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Re: Fossil Stomach Contents in Marine Environments
I'm forwarding Mike Everhart's reply to M.J.Murphy's original post. A
shameless plug (although I haven't seen the book yet). DV :
> Have been reading Everhart's extremely cool "Oceans of Kansas" book,
Thanks for the nice compliment on the book..
> I could not help but note the frequent references to "fish in a fish"
fossils, or more generally fossils with preserved stomach contents. Am
I correct in inferring that fossils like this are more common in a
marine environment? If so, why? Because meals are more likely to be
swallowed whole? Or not?
I really don't have any data to compare the occurrence of our marine
fossils with those from a terrestrial environment, so I cannot say that
they are more frequent or not.. There is certainly some 'bias' in my
(over?) reporting of the stomach contents because that is an area of
special interest to me. An increased possibility of being preserved on a
fairly quiet and nearly anoxic sea bottom versus the likelihood of being
scavenged on land probably has something to do with it.
Reported in the book but also worth mentioning here:
There are two large shark (/Cretoxyrhina/) specimens at the University
of Kansas with evidence associated prey; one with most of a big teleost
(/Xiphactinus/ /audax/) inside.. .and another with the definitely
indigestible gastroliths left over from feeding on the guts of a
probable elasmosaur.. Another shark specimen (/Squalicorax/) at the
University of Wisconsin-Madison has the remains of several species of
prey inside, including fish, turtle and mosasaur.
... /Xiphactinus /seemed to have a bad habit of eating large prey
(/Gillicus/, mostly)..... and dying well before the prey was digested..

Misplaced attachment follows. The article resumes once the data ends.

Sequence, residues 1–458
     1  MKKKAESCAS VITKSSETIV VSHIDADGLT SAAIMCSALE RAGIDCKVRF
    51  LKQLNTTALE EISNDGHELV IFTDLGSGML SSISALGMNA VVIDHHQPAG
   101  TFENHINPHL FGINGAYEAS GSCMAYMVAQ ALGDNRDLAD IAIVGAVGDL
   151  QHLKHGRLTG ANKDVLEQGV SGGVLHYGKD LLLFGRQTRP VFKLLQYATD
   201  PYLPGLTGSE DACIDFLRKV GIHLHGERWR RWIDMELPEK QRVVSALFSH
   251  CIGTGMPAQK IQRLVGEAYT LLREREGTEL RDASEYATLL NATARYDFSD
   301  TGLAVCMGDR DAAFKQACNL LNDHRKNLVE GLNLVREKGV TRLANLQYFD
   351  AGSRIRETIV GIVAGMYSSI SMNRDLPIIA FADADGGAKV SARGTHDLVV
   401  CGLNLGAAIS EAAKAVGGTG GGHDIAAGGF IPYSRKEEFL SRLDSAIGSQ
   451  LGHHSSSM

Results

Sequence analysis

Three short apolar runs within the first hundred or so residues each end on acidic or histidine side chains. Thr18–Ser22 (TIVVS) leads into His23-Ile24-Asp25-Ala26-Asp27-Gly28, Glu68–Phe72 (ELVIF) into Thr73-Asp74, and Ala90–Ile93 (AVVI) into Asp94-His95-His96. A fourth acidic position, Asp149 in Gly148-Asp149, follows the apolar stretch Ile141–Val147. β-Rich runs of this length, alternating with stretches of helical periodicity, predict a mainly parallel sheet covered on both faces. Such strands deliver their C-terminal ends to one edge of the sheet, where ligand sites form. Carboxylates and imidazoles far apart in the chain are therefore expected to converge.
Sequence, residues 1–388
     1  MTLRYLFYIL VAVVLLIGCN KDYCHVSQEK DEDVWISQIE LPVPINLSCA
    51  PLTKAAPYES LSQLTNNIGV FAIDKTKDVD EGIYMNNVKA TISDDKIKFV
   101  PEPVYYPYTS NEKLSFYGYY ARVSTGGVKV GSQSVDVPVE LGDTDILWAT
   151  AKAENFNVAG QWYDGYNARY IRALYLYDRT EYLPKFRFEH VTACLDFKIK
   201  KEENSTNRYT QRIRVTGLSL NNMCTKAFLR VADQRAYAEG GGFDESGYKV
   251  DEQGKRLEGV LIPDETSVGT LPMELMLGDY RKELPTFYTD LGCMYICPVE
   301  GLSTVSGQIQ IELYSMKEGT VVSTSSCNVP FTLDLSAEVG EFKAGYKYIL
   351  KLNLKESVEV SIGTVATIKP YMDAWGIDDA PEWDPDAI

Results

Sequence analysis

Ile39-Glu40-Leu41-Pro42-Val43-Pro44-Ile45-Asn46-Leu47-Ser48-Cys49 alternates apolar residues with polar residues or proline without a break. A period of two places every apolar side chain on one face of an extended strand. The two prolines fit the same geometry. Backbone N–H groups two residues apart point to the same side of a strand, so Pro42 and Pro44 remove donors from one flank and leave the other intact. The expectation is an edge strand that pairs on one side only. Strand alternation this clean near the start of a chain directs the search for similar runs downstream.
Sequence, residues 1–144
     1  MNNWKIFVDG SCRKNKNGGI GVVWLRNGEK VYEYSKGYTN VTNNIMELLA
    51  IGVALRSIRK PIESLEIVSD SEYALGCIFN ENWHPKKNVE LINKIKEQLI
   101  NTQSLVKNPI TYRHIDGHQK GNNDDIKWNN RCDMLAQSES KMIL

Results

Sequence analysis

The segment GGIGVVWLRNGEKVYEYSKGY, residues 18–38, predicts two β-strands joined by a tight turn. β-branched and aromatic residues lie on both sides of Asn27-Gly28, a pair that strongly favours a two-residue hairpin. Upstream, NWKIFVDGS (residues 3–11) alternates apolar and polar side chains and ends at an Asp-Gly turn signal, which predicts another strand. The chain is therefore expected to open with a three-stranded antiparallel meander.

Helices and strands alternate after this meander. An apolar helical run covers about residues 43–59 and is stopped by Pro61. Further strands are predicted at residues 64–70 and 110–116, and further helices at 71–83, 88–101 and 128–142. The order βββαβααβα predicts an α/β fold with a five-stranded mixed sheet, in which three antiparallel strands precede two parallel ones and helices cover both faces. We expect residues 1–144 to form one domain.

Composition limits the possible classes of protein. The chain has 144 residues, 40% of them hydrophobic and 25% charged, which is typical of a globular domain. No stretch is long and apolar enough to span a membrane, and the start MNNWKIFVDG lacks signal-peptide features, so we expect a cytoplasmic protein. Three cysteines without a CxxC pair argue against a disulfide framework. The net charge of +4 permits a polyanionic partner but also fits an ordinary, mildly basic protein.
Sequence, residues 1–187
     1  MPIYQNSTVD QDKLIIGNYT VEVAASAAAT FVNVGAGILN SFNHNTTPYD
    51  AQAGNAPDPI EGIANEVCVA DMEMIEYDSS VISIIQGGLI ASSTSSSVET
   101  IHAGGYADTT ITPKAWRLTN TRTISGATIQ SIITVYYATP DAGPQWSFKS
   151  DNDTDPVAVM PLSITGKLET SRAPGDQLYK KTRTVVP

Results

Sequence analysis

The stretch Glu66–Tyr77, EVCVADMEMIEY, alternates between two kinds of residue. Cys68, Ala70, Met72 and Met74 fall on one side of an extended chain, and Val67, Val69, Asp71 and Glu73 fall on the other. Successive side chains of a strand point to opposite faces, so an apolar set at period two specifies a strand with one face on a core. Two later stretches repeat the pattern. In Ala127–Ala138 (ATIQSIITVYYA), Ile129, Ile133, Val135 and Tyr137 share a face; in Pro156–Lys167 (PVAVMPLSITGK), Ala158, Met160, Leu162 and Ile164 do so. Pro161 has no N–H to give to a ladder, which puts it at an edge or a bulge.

X-fish were quite large (12-18 feet is a good range for what we see as
fossils). The most famous specimen, the "Fish-in-a-fish" at the
Sternberg Museum, is only 13 feet long, and swallowed a 6 foot long
Gillicus shortly before it died. I suspect the prey weighed 90-100 lbs,
was quite strong itself, and struggled a bit as it went inside the
larger fish. As I suggested in the book, and Dan's artwork showed well,
that's a big object to swallow, and I suspect something vital in the
X-fish was punctured in the process. Another, much larger (17 ft)
X-fish that I found in 1996 also had the remains of a /Gillicus/ inside,
digested just enough to become disarticulated... but the death of the
X-fish must have occurred less than 24 hours after eating.
These instances may simply indicate bad luck or poor judgment on the
part of the predator... A 13 foot long X-fish must have fed on hundreds
of smaller fish without ill-effects during it's lifetime just to get
At least two specimens of a medium sized predatory fish (/Cimolichthys/)
are known to have died with a large /Enchodus/ inside as a last meal,
and another "choked" on a large squid...
The big /Tylosaurus/ in the exhibit at the Smithsonian also died with
the remains of a large meal inside.. in that case a juvenile
plesiosaur.. however, the gut contents were too far along in the the
digestive process to tell if the plesiosaur had been swallowed whole or
not.. I suspect that it had since most mosasaurs, and/ Tylosaurus/, in
particular were not well equipped for 'slicing and dicing" their prey.
... but were very similar to a snake in their adaptations for swallowing
large prey. I have no idea what killed it. Same goes for a big
/Tylosaurus/ found in South Dakota that was "stuffed" with the remains
of a bird, a large fish and small mosasaur as it's last meal.
A large elasmosaur we helped collect from the Pierre Shale in 1992-93
had a lot of ground up fish bones mixed with gastroliths in it's
crop/gizzard when it died.... suggesting that it died reasonably soon
Bottom line is that these specimens are somewhat more interesting to me
because of their association with prey, compared to the majority of the
remains found in the Smoky Hill Chalk, and are reported more often. The
incidence of preserved stomach contents is actually pretty low compared
to the huge number of vertebrate specimens that have been collected
there since l868.
Mike Everhart < email@example.com >
Adjunct Curator of Paleontology
Sternberg Museum of Natural History
Fort Hays State University, Hays, KS